A well respected, award winning social enterprise
Volunteer run - Government and charity funded
We help 50,000 people a year through divorce

01202 805020

Lines open: Monday to Friday 9am-5pm
Call for FREE expert advice & service info

What are we each entitled to in our divorce settlement?

What does the law say about how to split the house, how to share pensions and other assets, and how much maintenance is payable.

What steps can we take to reach a fair agreement?

The four basic steps to reaching an agreement on divorce finances are: disclosure, getting advice, negotiating and implementing a Consent Order.

What is a Consent Order and why do we need one?

A Consent Order is a legally binding document that finalises a divorcing couple's agreement on property, pensions and other assets.

House agreements

  • firsttime
  • firsttime's Avatar Posted by
  • New Member
  • New Member
19 Jul 12 #344186 by firsttime
Topic started by firsttime
Me and my husband have split up but are still living in the house we both own.

Things are getting tough though and I want to look to move out and rent somewhere until our house sells (been on the market 3-4 months). He can''t afford to buy me out but can afford to live there on his own.

If I were to move out and we draw up an agreement that I''m still entitled to my share even though I''m no longer contributing to the house, does this need to go through solicitors to be legally binding even if we get witnesses? We don''t want to have to involve solicitors at this stage.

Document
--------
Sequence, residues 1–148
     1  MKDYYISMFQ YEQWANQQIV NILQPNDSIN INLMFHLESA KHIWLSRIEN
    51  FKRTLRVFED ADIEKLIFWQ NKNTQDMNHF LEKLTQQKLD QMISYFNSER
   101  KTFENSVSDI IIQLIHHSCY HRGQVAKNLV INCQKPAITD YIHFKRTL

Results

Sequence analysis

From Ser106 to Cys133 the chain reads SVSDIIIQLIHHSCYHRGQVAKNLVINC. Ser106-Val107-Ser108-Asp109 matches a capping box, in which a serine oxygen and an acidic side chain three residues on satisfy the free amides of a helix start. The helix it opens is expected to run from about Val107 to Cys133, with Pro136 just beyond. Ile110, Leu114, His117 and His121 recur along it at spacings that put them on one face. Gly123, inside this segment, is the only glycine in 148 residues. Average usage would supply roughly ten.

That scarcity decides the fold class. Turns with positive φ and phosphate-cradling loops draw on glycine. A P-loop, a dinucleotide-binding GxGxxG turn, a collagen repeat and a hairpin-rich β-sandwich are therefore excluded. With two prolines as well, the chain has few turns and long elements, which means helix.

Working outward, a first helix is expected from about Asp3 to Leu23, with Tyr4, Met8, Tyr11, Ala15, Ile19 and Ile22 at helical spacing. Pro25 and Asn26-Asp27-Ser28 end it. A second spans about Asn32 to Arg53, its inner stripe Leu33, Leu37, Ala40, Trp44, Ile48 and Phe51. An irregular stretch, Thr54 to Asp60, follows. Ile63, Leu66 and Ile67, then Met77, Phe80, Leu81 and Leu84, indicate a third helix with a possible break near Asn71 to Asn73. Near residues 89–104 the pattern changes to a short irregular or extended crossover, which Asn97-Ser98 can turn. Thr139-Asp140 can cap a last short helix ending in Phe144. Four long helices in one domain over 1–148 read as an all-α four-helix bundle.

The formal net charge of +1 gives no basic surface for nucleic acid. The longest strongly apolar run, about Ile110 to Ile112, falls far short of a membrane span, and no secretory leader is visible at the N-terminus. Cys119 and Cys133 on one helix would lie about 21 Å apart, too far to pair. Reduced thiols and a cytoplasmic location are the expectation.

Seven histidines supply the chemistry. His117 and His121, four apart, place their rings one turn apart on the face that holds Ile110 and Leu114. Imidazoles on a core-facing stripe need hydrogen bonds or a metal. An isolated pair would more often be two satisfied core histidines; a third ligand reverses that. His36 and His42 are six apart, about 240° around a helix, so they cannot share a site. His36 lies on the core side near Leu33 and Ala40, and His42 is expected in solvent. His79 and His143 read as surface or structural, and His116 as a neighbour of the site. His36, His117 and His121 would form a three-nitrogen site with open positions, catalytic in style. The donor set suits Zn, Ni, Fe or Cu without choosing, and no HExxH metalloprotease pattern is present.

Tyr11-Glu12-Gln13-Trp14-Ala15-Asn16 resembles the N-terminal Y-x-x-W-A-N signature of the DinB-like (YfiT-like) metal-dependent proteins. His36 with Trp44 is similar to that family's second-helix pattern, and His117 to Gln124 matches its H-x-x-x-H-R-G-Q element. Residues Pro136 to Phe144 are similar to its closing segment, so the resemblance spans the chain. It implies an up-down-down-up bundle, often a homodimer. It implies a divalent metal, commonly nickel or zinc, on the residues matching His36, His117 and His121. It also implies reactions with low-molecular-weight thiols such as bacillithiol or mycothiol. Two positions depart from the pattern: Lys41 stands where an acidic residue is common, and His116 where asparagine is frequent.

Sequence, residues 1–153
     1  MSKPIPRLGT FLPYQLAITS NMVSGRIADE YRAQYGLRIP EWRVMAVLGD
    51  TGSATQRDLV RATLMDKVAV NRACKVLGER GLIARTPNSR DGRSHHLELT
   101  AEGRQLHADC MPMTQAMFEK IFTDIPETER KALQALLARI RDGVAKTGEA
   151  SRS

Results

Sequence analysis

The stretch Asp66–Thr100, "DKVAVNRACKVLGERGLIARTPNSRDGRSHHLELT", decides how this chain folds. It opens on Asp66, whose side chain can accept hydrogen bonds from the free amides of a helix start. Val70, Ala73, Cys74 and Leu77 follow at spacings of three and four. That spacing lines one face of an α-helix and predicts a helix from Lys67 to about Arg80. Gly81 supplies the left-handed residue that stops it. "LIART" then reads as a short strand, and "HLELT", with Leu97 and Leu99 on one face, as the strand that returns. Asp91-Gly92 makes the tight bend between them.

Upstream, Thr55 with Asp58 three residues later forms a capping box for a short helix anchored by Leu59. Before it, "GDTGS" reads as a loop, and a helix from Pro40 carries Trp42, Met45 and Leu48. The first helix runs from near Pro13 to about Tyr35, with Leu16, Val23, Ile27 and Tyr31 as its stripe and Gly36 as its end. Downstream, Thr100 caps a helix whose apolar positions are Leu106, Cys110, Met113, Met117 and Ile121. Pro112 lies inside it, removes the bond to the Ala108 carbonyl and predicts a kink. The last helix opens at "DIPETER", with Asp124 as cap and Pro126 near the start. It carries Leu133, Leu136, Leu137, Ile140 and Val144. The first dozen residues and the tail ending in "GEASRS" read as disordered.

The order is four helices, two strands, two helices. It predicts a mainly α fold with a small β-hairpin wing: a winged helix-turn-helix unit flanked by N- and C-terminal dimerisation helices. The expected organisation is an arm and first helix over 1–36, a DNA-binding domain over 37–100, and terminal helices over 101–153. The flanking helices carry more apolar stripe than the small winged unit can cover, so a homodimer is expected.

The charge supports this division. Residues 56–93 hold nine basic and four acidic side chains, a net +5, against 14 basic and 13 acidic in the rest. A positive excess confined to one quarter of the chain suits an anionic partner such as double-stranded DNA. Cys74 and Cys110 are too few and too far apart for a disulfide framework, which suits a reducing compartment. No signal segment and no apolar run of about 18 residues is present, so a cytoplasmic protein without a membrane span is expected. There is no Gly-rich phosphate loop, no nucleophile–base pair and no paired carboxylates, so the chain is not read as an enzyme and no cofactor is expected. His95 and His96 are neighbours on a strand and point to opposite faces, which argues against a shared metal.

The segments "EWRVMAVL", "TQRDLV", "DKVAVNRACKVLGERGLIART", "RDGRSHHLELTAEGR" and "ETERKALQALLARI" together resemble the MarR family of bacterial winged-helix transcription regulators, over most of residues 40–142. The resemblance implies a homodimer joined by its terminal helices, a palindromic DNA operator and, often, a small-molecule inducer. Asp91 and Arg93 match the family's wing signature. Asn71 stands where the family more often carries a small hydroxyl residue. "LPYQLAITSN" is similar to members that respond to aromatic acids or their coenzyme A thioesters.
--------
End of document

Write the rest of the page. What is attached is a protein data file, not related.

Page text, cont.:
• cookie2
  • cookie2's Avatar
  • Platinum Member
  • Platinum Member
19 Jul 12 #344189 by cookie2
Reply from cookie2
Technically no, it does not require solicitors, you can submit it to court to become legally binding yourself. But it would be a very very good idea to have a solicitor check it on your behalf before signing a Consent Order. You don''t need to "involve solicitors" as in start arguing or sending each other letters, you just need to ask one to check the document for loopholes before signing it. It shouldn''t cost much at all and will not cause any fighting.

From what you''ve written, being still entitled to a share, you''d have to be careful. What if he decides not to sell? This is the kind of situation a solicitor can check, to make sure you''re covered and have the option to force a sale at a certain time. Otherwise he could just keep living there forever.

It''s not a good idea to sell the house, move out or change house ownership until you''ve got a consent order in place.

Moderators: wikivorce teamrubytuesdaydukeyhadenoughnowTetsSheziLinda SheridanForsetiMitchumWhiteRoseLostboy67WYSPECIALBubblegum11